Senator Ron Johnson poses with director Aaron Biebert at the North American premier of A Billion Lives.
Senator Ron Johnson poses with director Aaron Biebert at the North American premier of A Billion Lives.

Senator Ron Johnson might not be the most famous pro-vaping member of congress (that title belongs, rightfully so, to Rep. Duncan Hunter), but he is easily one of the most prolific and outspoken opponents of the new FDA regulations. He deserves much more recognition from the vaping community.

On May 18th, a few months before the regulations took effect, he wrote a strongly worded letter to FDA commissioner Robert Califf.

“Unfortunately, the FDA’s attempt to improve the public’s health by scrutinizing the e-cigarette industry could ultimately result in negative unintended health consequences,” Johnson wrote in the letter. “The costly impact the rule will have on e-cigarette manufacturers will stifle innovation and make it harder for e-cigarette companies to continue to offer products that serve as an alternative to smoking. It is possible that without a cost-effective alternative, some consumers will resort to traditional cigarettes.”

On June 6th, after not receiving a response from the FDA, he sent a follow-up letter:

“To date, you have not responded to my letter.  Therefore, I write again to reiterate my request for information about FDA’s regulation and its potential consequences.

I requested that the FDA provide data on the number of e-cigarette businesses that will be affected by the rule.  I also asked the FDA whether it would issue a revised rule if sufficient data demonstrate that e-cigarettes are a safer alternative to traditional cigarettes.  Further, I questioned the FDA about the potential unintended consequences of its rule that may result in decreased access to e-cigarettes and increased consumption of traditional cigarettes.

Since I sent my initial letter to you, I have heard from many small-business owners who manufacture or sell e-cigarette products.  These job creators have contacted my office expressing their grave concerns about the FDA’s regulatory overreach.  They fear that the FDA’s e-cigarette rule will force them out of business by requiring them to complete costly and time-consuming premarket applications for each e-cigarette product.  In addition, a large number of individuals have contacted my office to tell their stories about how they use or have used e-cigarettes to quit smoking.  They do not want the FDA to make access to e-cigarettes more difficult for them—or others like them—as they fight to kick an addiction to smoking.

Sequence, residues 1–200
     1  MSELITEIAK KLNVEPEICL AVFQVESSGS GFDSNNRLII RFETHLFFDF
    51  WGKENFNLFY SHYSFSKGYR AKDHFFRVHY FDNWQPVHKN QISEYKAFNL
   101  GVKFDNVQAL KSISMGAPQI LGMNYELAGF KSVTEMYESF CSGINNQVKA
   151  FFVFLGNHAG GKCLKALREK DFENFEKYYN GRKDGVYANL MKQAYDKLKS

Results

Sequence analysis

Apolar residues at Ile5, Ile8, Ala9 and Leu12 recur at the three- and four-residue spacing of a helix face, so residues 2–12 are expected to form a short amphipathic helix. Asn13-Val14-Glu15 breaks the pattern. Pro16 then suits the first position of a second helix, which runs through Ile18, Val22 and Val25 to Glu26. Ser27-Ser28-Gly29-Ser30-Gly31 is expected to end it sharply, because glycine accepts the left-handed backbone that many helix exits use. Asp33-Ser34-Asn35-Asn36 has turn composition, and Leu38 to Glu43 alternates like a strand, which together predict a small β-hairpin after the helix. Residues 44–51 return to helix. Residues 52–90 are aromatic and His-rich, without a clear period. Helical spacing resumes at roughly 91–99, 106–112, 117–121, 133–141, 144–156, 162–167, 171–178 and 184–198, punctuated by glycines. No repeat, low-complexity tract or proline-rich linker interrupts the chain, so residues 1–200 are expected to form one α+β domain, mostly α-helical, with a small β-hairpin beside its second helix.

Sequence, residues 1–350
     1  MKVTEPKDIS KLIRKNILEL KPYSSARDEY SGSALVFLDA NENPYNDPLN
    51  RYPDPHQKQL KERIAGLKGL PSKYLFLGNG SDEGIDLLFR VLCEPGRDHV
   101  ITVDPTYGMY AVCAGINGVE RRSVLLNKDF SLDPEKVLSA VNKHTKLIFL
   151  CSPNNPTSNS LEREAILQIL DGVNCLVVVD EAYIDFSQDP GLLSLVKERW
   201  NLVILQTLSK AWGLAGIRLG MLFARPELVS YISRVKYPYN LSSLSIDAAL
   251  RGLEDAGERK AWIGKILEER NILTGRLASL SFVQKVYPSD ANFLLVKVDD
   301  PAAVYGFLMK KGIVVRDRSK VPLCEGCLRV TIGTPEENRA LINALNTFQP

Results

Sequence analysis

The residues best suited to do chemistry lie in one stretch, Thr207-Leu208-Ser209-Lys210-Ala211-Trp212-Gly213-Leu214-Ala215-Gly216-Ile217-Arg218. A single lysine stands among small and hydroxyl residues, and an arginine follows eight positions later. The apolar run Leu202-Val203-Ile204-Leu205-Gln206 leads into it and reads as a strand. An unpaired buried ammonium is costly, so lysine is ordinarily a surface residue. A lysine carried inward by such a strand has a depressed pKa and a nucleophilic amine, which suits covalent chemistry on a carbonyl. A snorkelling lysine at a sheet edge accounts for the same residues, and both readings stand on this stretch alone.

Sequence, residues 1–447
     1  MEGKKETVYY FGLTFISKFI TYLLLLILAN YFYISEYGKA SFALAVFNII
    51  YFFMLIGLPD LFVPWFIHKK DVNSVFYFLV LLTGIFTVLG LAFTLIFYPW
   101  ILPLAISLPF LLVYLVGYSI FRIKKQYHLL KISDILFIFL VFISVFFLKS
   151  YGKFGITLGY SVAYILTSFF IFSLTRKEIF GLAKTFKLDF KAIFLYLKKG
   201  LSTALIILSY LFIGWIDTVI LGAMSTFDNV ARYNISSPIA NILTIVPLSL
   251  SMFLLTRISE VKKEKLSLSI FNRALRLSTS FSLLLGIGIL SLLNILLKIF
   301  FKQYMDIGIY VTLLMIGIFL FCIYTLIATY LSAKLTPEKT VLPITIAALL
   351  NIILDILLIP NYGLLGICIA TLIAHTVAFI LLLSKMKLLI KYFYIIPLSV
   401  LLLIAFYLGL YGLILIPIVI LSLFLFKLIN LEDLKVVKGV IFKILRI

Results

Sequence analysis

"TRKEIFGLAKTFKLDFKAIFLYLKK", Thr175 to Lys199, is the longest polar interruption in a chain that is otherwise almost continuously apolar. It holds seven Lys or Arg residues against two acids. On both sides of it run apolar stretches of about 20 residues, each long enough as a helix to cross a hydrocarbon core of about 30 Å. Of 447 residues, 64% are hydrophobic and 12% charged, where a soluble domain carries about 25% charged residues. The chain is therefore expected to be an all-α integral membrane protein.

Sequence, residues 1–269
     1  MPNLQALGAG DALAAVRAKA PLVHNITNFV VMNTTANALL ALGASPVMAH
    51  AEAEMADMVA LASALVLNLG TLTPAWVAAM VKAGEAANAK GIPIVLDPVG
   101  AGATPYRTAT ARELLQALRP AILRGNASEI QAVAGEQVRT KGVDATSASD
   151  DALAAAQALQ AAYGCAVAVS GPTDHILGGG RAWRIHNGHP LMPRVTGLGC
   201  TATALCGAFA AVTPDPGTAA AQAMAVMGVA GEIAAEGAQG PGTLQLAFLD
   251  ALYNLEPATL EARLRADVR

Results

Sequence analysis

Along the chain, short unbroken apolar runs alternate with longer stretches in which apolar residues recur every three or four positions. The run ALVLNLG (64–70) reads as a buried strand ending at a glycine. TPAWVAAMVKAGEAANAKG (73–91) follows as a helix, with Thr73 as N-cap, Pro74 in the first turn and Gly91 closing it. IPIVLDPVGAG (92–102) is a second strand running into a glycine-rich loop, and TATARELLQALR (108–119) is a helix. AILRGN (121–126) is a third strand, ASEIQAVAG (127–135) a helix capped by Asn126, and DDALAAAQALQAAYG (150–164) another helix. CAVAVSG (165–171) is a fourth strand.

As chairman of the primary oversight Committee of the United States Senate, I urge the FDA to be transparent and accountable in its regulatory actions.  I ask that you please respond to my requests for information so that the Committee and the American public may fully understand the FDA’s rulemaking and its consequences for small businesses and the public’s health.”

His frustration with the lack of response from Califf was apparent:

Please provide this information and material as soon as possible but no later than 5:00 p.m. on June 20, 2016.  If the FDA does not provide an adequate response to these inquiries, the Committee may be forced to resort to other means to compel the production of this information.

Fuck yeah.

After finally receiving a lackluster response, he sent a third letter:

The FDA’s acknowledgement that it has, at best, incomplete information raises questions about the adequacy of the FDA’s justification for the rule.  Further, many job creators in the e-cigarette industry fear that they will be forced to shut down if the rule is implemented.  Without a concrete understanding of the rule’s effect on a growing industry, the FDA’s decision to implement this regulation could lead to the elimination of thousands of jobs and businesses.